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Symphony In C 

Thank you to all who assisted me with string writing for Albion 1

Regards,

Saul










Second Movement - Andante


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Thank you Tim!

Timothy Smith said:

Hi Saul,

The difference between the first string movements in your last thread and this one are like night and day. This sounds very realistic and true to a real string section. Not only this but you have made a very delightful composition with a very light hearted feel. Congratulations on such progress in such a short time!

The volume and dynamics of the second movement in the very first post is a little less dynamic and lacks the overall volume of the second. Still , it's all good.

Listened to your 2nd mvmt twice. Great ambience with the pizzicatos, but personally I felt this movement was somewhat bare. The theme is a bit too generic and I didn't find it very engaging. Thematic development was also minimal, which didn't help to catch my attention. I feel like I'm missing something here, that's why I listened to it twice, in case I missed something obvious.  This sounds more like a transitory bridge than a movement that can stand on its own IMO; but I'll reserve judgment until you post the next movement. Perhaps there is something there that will make all this worthwhile after all.

Perhaps my expectations are a bit too high. :-P  Or maybe I'm just not the right audience for this symphony.

But in case you happen to be seeking for ways to improve this movement: the first thing I'd suggest is to look for ways of making the theme a bit more unique. Maybe add some embellishments, or throw in some varieties of rhythm. Or start out with the theme as-is, but really go all-out on the thematic development. (There are masterpieces which start out with a seemingly-bare subject but turn it into something awe-inspiring at the end.) Don't settle for just the usual routine treatment; get really creative with the development, toss things up, and add a lot of variety. Make it really worth your listeners' while.

Second thing I'd suggest to look at, is to go over the instrumentation again, and carefully consider where you could add a bit more color. The orchestra is a powerful instrument with a lot of expressive power; try to think of ways of bringing out your themes even more. Ways of marking out the structural elements of the movement. Maybe add some extra accompaniment or doublings at important junctures. Don't settle for a Generic Non-descript Slow Movement; make it a little sub-masterpiece in itself, a little gem that people will remember long afterwards.

Remember the advice that slow movements are very hard to write. Because of their relaxed tempo, holding your audience's attention is especially challenging, so you should be using every available tool at your disposal to make this happen.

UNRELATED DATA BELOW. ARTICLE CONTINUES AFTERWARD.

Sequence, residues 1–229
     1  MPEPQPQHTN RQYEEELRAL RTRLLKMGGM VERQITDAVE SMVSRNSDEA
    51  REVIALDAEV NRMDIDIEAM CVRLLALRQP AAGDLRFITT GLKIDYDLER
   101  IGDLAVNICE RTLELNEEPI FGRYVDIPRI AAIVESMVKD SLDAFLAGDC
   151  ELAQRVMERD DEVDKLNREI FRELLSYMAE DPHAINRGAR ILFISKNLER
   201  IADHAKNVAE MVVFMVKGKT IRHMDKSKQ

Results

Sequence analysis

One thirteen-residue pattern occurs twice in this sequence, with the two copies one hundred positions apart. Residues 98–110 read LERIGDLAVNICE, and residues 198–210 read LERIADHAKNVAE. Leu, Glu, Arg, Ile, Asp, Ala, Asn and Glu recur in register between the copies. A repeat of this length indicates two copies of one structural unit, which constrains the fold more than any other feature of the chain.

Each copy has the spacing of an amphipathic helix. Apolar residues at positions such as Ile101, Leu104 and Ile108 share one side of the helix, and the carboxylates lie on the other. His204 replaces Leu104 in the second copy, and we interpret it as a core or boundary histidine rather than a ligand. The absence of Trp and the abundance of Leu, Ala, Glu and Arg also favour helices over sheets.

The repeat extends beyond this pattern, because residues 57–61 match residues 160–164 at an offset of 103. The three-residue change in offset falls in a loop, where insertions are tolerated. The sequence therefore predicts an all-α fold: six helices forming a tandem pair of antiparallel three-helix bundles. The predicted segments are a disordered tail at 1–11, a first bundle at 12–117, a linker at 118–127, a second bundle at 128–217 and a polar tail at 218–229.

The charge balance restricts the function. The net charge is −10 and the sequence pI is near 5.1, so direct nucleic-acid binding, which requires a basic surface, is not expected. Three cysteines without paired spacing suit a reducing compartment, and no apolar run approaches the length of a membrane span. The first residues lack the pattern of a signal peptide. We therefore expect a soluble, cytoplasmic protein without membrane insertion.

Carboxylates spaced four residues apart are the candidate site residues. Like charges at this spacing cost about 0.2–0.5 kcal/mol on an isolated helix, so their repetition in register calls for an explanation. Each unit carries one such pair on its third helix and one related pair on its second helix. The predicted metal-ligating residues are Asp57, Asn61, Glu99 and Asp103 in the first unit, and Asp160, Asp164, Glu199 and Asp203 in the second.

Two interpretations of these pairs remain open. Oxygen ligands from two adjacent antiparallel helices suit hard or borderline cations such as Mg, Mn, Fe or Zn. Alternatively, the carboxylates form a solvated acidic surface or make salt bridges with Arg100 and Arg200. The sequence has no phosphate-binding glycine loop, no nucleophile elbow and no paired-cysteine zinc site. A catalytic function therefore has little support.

Just my $0.02.

Thank you for your input.

Regards

H. S. Teoh said:

Listened to your 2nd mvmt twice. Great ambience with the pizzicatos, but personally I felt this movement was somewhat bare. The theme is a bit too generic and I didn't find it very engaging. Thematic development was also minimal, which didn't help to catch my attention. I feel like I'm missing something here, that's why I listened to it twice, in case I missed something obvious.  This sounds more like a transitory bridge than a movement that can stand on its own IMO; but I'll reserve judgment until you post the next movement. Perhaps there is something there that will make all this worthwhile after all.

Perhaps my expectations are a bit too high. :-P  Or maybe I'm just not the right audience for this symphony.

But in case you happen to be seeking for ways to improve this movement: the first thing I'd suggest is to look for ways of making the theme a bit more unique. Maybe add some embellishments, or throw in some varieties of rhythm. Or start out with the theme as-is, but really go all-out on the thematic development. (There are masterpieces which start out with a seemingly-bare subject but turn it into something awe-inspiring at the end.) Don't settle for just the usual routine treatment; get really creative with the development, toss things up, and add a lot of variety. Make it really worth your listeners' while.

Second thing I'd suggest to look at, is to go over the instrumentation again, and carefully consider where you could add a bit more color. The orchestra is a powerful instrument with a lot of expressive power; try to think of ways of bringing out your themes even more. Ways of marking out the structural elements of the movement. Maybe add some extra accompaniment or doublings at important junctures. Don't settle for a Generic Non-descript Slow Movement; make it a little sub-masterpiece in itself, a little gem that people will remember long afterwards.

Remember the advice that slow movements are very hard to write. Because of their relaxed tempo, holding your audience's attention is especially challenging, so you should be using every available tool at your disposal to make this happen.

Just my $0.02.

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